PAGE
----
Clipper Changes Course

Mutual Funds

Clipper Changes Course

Directors mutiny and hire new managers.

A fund's board of directors seldom has the gumption to defy the fund's sponsor. But in a rare display of independence, that's just what the overseers of Clipper fund did when they agreed to hire Davis Selected Advisors as Clipper's new manager.

The decision to appoint the team of Christopher Davis and Kenneth Feinberg was surprising, to say the least. After Clipper's veteran manager, James Gipson, and two colleagues announced that they would leave at the end of 2005, Old Mutual Asset Management, which owned Gipson's firm, said it would name another one of its subsidiaries to run Clipper. Although Old Mutual's choice favors undervalued stocks, Clipper's directors wanted a manager whose approach to bargain hunting -- like that of Davis -- was closer to Gipson's.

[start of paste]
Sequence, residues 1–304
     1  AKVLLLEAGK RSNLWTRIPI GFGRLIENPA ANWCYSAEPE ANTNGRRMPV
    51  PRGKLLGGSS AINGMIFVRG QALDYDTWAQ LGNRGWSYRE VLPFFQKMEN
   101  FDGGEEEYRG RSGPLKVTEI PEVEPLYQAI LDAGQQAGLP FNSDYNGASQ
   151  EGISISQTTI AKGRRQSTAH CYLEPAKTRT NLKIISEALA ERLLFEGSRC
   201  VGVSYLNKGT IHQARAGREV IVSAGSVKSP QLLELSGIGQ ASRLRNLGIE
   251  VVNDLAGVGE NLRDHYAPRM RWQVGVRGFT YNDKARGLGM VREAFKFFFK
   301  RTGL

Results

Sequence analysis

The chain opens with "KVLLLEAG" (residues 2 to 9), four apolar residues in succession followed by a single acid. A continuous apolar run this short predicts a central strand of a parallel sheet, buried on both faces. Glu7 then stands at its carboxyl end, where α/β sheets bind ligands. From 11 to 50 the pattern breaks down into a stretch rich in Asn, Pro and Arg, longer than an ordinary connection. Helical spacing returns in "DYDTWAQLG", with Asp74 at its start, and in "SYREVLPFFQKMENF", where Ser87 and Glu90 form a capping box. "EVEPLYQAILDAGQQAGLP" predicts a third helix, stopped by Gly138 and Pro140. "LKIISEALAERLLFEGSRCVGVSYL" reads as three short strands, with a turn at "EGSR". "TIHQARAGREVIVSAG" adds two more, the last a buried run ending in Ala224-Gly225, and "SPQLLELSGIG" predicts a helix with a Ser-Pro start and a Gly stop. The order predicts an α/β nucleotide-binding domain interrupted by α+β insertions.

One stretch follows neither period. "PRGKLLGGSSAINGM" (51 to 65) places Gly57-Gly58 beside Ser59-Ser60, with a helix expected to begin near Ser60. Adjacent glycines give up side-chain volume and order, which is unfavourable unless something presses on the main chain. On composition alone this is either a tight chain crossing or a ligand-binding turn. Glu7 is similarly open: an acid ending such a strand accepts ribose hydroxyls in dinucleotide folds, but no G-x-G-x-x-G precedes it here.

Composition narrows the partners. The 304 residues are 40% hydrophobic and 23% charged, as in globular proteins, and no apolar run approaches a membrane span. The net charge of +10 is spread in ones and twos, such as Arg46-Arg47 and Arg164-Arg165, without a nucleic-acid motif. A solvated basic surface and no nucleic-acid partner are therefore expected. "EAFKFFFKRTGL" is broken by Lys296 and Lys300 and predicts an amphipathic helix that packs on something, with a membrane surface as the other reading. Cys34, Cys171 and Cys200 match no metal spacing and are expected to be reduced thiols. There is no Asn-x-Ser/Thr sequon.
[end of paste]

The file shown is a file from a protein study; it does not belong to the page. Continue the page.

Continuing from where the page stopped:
Davis, 40, and Feinberg, 48, are no strangers to Kiplinger's readers. They manage no-load Selected American Shares, which, like Clipper, is in the Kiplinger 25. Over the past five years to December 1, Selected gained an annualized 5%, compared with 7% for Clipper and 1% for Standard Poor's 500-stock index.

Davis and Feinberg will continue to run Clipper with a concentrated approach. The fund (symbol CFIMX; 800-776-5033) holds just 15 to 20 stocks, compared with about 70 for Selected. Davis says he and Feinberg follow the same "eclectic and contrarian philosophy" practiced by Gipson. But whereas Gipson often let cash build up to as much as 40% of assets when he couldn't find cheap stocks, Davis and Feinberg will keep cash to a minimum.


It's hard to say how the new Clipper will perform compared with the old Clipper or with Selected. But Clipper clients are sure to benefit in one respect. The deal with the Davis firm, which requires the okay of Clipper's shareholders, will result in lower fees. Clipper's fees are expected to drop from 1.12% a year to 0.70% to 0.80%.